Join us at the Manchester Community Library on Tuesday, June 26th from 4-7PM for a public reception and gallery talk to celebrate the opening of “The Dames”, a traveling exhibition of large format, color portraits paired with audio interview recordings featuring members of the National Society of Colonial Dames of America in the State of Vermont.
Complementary food and drink, including an assortment of craft cheeses, produce, and more will be served.
The National Society of the Colonial Dames of America (NSCDA) is a women’s lineage organization founded in Philadelphia in 1892. Vermont joined the Society in 1898 and it is now one of forty-four state societies with over 15,000 members nationwide. The Vermont group is among the smallest, with a current membership of 41 Dames—working on community service projects, historic preservation, patriotic service and educational programs to promote “education of our citizens and youth about the past and to stimulate interest, patriotism and love of country.”
But who are these women—these Dames? For the past two years, Vermont Folklife Center researchers have conducted an oral history and photographic documentation project in collaboration with the Vermont Society of the NSCDA, to answer that question.
For many people, ancestral lineage organizations such as the Colonial Dames are a world apart. Peering from the outside in we might be intrigued by their celebration of family and colonial history, patriotic service, and shared values—or, alternately, made uncomfortable by perceptions of elitism surrounding their lineage-based membership.
Without exception, these Dames speak of strong connections to history and to nature—and of families who prioritized education for their daughters. Most began their educations at women’s colleges in WWII and post-war times, just as traditional assumptions about women’s roles and capabilities were overturning. Curious and earnest, dedicated and persistent, they have prided themselves in being life-long learners and lasting contributors to their wider communities.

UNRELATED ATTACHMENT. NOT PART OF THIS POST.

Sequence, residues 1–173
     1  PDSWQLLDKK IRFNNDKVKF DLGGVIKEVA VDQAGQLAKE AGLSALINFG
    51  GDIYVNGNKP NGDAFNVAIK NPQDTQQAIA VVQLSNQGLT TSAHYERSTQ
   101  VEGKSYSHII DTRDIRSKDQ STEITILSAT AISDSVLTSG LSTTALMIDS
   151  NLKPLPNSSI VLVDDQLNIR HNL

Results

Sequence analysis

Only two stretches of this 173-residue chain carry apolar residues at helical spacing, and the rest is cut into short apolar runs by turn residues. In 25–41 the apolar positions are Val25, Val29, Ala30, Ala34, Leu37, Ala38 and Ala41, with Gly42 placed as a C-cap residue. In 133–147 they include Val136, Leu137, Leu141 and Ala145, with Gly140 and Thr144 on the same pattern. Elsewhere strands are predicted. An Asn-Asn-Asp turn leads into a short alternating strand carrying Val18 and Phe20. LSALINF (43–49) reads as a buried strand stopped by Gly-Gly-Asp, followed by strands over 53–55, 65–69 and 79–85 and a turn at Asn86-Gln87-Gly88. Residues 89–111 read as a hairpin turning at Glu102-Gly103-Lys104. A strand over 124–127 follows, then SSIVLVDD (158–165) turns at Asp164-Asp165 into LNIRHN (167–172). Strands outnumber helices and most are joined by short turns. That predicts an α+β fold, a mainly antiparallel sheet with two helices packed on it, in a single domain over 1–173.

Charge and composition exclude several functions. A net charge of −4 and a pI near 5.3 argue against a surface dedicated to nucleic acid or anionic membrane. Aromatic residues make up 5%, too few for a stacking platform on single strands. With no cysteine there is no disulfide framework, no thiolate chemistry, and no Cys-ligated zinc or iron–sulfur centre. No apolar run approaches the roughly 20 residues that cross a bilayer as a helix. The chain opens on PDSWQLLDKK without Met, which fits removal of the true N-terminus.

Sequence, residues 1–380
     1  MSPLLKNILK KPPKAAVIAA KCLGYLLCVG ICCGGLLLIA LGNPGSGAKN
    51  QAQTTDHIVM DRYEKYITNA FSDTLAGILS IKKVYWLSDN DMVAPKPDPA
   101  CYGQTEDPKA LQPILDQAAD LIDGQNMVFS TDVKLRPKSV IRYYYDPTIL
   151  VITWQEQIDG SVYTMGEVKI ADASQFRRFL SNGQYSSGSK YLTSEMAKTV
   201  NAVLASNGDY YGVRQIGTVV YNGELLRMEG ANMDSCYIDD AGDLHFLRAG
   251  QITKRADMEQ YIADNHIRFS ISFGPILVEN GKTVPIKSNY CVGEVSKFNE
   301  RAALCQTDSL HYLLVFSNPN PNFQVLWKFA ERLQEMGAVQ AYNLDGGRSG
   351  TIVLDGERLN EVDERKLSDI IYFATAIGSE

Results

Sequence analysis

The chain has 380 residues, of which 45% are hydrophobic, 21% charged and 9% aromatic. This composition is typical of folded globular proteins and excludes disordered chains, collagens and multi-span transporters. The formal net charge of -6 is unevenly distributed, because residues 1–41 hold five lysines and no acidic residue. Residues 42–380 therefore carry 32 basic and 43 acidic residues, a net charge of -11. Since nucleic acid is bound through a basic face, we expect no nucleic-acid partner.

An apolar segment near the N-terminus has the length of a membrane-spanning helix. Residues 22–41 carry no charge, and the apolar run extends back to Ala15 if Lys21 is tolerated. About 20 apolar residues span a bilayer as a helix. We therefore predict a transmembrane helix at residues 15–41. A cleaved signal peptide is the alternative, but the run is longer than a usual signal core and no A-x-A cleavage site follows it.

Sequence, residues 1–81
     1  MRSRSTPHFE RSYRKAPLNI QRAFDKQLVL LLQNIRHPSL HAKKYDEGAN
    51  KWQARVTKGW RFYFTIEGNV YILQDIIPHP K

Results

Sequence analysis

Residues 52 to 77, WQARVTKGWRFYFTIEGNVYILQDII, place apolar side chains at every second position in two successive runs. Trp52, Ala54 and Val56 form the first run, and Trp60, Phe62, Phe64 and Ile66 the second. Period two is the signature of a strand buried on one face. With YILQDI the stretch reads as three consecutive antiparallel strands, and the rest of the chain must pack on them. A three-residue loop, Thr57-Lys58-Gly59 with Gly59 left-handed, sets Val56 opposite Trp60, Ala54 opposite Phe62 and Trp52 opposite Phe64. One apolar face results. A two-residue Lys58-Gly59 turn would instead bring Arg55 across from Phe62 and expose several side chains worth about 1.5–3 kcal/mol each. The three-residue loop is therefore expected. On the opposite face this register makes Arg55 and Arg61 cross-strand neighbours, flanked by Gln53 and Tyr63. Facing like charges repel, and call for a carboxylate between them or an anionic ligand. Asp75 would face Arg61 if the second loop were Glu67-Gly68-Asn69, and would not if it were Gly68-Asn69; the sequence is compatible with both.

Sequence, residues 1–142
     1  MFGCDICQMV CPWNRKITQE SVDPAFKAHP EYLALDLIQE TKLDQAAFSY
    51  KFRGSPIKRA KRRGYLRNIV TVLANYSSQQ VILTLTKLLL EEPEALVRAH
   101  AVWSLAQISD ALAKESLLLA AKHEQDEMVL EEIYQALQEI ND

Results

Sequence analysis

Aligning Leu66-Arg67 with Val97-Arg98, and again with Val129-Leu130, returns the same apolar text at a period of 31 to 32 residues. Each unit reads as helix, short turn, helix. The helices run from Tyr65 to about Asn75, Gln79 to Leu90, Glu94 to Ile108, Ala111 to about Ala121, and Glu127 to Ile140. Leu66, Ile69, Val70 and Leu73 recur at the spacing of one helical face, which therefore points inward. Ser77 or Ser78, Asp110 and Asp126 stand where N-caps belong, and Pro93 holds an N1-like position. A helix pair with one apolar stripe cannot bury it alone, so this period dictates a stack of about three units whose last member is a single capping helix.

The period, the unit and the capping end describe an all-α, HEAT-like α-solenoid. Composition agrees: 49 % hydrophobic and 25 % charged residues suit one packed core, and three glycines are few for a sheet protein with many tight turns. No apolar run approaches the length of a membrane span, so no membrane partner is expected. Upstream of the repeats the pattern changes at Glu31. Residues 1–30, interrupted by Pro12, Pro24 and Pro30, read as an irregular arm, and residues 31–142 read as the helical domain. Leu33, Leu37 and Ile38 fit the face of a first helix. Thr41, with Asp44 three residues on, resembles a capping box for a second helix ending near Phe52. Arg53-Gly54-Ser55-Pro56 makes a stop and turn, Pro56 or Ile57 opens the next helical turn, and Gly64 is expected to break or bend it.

Many speak honestly, and intimately, of complex issues surrounding privilege, exclusivity, and relevance of their society in today’s world. They shed light on challenges in their personal lives met with grace and courage, opportunities embraced with pioneering spirit and preparedness, lives lived with a strong sense of purpose, the impact of changing gender roles across their lifetimes—and a coming to terms with aging.
Ethnographic inquiry aspires to make people visible to one another across difference—and with that intention in mind, the exhibit invites viewers to drop into conversation with these Dames and meet them on their own terms.
This exhibit was funded in part by the National Society of Colonial Dames of America in the State of Vermont—along with program underwriting from the Rotary Club of Middlebury, VT, Cabot Creamery, the Vermont Community Foundation, the Vermont Arts Council, and our membership at large.